Tours of the 1912 Turner House will be offered at a special event this week, a 2.3 million-square-foot industrial facility changes hands in West Dallas, Dickies Arena is set to open in Fort Worth, the Texas Real Estate Commission names its top investigator, the Dallas Builders Show offers opportunities for youth, and Staging to Sell class is set for next week, all in this week’s roundup of real estate news.


Turner House History Tour Set Nov. 12

Take a tour and learn about the impressive history of the 1912 Turner House at 6 p.m. Tuesday, Nov. 12.

The site at 401 North Rosemont Ave., Dallas, “has an incredible history tied to the early days of Oak Cliff and the development of Winnetka Heights in 1908 by John Phillip Blake, Leslie A. Stemmons, Thomas S. Miller, and Roman S. Waldron,” according to a press release issued by Preservation Dallas.

An exterior renovation of the house recently was completed by the Oak Cliff Society of Fine Arts, which owns the home and uses it for events. Tours will be available after the history presentation.

Register for the event here. 



By David Preziosi, Preservation Dallas
Special Contributor

You’ve probably passed by this house a thousand times and wondered what it was like inside. The 1965 Shwiff house commands the corner of Yamini and Chicot with its series of white segmental-arched vaulted clerestory roofs reaching out in all directions.

The house is a standout, and not just because of the distinctive roofline, though it is one of the home’s main hallmarks.


The McDermott House is one of five modern masterpieces on the Preservation Dallas Fall Architectural Tour on Oct. 26.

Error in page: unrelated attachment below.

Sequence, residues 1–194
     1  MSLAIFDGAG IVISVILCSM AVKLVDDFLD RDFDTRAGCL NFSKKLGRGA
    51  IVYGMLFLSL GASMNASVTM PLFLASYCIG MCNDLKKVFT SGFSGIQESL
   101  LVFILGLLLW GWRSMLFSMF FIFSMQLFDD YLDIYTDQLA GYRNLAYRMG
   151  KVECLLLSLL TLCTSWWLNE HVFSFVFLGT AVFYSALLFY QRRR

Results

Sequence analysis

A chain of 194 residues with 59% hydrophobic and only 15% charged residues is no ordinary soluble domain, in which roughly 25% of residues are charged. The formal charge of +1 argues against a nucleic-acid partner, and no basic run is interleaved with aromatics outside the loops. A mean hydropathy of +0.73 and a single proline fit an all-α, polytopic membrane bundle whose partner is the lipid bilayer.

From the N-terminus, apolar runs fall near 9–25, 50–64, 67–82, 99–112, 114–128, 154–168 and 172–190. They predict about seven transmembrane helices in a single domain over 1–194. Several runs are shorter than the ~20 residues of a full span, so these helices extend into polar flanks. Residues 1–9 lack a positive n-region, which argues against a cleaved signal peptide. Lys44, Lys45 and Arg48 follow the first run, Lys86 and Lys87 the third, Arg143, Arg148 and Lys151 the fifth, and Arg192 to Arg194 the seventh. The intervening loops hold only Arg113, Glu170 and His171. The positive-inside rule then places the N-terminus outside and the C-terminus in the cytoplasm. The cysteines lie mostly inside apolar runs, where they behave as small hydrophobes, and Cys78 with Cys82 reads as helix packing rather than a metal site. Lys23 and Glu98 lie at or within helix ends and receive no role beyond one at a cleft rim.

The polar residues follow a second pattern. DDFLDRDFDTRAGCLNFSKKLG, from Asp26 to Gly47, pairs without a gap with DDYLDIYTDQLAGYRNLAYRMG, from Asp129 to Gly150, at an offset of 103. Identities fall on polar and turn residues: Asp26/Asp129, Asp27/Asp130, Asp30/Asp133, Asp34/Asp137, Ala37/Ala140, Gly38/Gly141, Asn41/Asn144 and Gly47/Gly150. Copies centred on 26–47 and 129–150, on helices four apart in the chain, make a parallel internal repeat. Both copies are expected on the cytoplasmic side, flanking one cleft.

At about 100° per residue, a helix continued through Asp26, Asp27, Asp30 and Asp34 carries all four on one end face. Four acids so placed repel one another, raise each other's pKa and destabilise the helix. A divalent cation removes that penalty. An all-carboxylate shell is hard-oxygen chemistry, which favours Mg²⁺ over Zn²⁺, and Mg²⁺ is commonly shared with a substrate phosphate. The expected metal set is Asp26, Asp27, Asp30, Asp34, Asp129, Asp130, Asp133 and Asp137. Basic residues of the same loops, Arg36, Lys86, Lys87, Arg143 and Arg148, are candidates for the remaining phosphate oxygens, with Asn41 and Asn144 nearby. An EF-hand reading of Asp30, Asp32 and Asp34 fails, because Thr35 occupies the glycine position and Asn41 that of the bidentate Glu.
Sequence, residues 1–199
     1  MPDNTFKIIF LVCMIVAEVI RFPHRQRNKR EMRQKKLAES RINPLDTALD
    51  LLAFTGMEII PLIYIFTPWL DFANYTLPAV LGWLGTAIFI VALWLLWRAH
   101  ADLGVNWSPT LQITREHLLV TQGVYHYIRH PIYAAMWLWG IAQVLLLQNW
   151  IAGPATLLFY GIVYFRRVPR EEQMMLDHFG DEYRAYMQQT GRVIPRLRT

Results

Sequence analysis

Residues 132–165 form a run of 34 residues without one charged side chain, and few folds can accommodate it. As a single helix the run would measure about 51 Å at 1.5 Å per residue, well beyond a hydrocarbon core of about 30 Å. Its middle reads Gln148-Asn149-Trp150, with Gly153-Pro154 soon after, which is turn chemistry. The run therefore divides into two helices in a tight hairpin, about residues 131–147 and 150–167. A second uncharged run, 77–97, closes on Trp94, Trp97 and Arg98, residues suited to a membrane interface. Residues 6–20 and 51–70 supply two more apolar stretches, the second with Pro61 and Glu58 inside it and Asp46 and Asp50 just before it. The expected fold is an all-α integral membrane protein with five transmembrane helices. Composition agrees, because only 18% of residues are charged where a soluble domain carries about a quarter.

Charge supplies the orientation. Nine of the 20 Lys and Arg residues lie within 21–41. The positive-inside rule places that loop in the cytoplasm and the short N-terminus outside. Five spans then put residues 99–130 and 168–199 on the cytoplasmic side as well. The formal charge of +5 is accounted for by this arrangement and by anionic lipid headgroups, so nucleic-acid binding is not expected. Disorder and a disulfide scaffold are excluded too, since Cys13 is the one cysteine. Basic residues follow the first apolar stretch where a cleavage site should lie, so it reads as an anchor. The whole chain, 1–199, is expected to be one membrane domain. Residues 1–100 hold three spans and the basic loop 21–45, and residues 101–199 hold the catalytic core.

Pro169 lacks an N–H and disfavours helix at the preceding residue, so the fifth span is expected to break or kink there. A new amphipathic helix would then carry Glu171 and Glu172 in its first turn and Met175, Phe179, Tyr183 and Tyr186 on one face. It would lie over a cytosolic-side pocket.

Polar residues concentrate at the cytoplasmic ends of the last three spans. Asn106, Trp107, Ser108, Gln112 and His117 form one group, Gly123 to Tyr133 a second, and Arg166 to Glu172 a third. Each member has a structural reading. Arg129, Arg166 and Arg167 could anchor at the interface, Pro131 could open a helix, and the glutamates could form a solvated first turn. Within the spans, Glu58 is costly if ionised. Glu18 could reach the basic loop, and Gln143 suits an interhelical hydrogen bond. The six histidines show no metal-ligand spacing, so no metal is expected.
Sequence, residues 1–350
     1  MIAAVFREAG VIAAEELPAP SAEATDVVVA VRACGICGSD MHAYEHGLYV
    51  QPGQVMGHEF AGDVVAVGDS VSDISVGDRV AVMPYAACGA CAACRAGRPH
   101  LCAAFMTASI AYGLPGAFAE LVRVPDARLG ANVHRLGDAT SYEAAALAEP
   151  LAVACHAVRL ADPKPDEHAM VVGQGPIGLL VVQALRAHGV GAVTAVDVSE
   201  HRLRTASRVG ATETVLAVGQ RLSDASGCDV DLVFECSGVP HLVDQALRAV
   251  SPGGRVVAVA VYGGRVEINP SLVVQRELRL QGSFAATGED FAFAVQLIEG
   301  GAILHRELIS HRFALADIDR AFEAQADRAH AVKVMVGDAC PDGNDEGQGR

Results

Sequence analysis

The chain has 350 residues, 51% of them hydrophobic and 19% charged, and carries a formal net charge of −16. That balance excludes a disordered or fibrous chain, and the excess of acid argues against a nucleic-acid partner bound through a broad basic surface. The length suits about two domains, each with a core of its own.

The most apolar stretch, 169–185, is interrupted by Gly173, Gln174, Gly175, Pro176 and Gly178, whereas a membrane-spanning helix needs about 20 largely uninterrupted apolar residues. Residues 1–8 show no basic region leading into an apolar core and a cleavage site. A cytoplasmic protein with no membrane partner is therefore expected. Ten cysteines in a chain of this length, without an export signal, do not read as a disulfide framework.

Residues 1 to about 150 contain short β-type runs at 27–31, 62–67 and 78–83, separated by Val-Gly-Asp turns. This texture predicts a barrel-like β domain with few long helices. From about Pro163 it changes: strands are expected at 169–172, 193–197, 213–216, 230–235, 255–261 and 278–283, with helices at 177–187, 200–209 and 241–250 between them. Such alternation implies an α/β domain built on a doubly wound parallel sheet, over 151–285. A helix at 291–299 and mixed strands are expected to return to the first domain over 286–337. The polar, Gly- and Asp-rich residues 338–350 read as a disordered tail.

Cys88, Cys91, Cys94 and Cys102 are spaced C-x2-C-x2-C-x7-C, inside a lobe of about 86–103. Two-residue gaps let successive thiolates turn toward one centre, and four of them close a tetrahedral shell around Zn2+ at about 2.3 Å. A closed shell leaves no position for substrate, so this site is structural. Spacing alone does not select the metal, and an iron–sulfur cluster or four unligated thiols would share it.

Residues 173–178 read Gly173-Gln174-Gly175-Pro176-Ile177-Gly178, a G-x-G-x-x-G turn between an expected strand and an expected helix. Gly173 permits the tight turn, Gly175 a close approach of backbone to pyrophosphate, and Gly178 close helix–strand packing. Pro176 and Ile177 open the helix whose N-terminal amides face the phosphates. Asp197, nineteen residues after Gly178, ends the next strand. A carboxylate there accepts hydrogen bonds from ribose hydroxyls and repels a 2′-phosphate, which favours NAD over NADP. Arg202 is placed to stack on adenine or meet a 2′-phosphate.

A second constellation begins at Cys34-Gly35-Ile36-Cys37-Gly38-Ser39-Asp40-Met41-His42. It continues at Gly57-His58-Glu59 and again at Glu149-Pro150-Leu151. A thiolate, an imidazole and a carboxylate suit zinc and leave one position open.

By Carol Roark, Preservation Dallas
Special Contributor

In July 1953 Margaret and Eugene McDermott bought a property across the street from Highland Park Town Hall. Befitting his status as the Chairman of Texas Instruments, the couple needed a residence that could not only house their family, but offer space for them to entertain. 

Landscape architects Marie and Arthur Berger, who were formulating plans for the property, suggested that the McDermotts use architect Scott Lyons to design their home. Lyons had, with his mentor and partner O’Neil Ford, designed a house for the Bergers in 1952. 

Scott Lyons’ plans for the McDermotts spoke to their appreciation of color as well as to their insistence on elegance and quality.



Be The Difference Foundation founders at the Wheel to Survive fundraising event. The nonprofit that focuses on ovarian cancer is just one North Texas organization accepting donations during the Sept. 19 North Texas Giving Day event.

If there’s one word that can define the North Texas real estate community, it’s “generous.” And when one of this community’s own needs support, you can expect a response that will blow you out of the water.

That’s what Julie Shrell discovered when she founded the Be The Difference Foundation in 2012 with Lynn Lentscher, Jill Bach, and Helen Gardner. Lentscher and Shrell met through the MetroTex Leadership Academy, as Lentscher works in title and Shrell is a lending expert.

“Many of our supporters are our real estate friends,” Shrell said. “We have been the beneficiary of fundraisers by MetroTex Association of Realtors and Dallas Women’s Council of Realtors.  Not only have they participated with funds, but they have helped us with publicity by creating a video for us, helped us spread the word about Ovarian Cancer Awareness Month by painting toes teal, and by riding in Wheel to Survive.”

The real estate community has continued to show up, too. The first-ever Runway for Hope benefiting the Be The Difference Foundation is sold out. The Sept. 26 luncheon features fashions from Dallas’ uber-luxe retailers, with all of the models strutting the catwalk being ovarian cancer survivors ranging in age from their mid-20s to their 80s. 

“This disease knows no boundaries,” Shrell added.

However, the North Texas real estate community has few limitations, too.

“As a matter of fact, our photographer at this event is Nancy Holzwarth with Real Estate and Friends Magazine,” Shrell said. “We have been honored by the love of the real estate community!”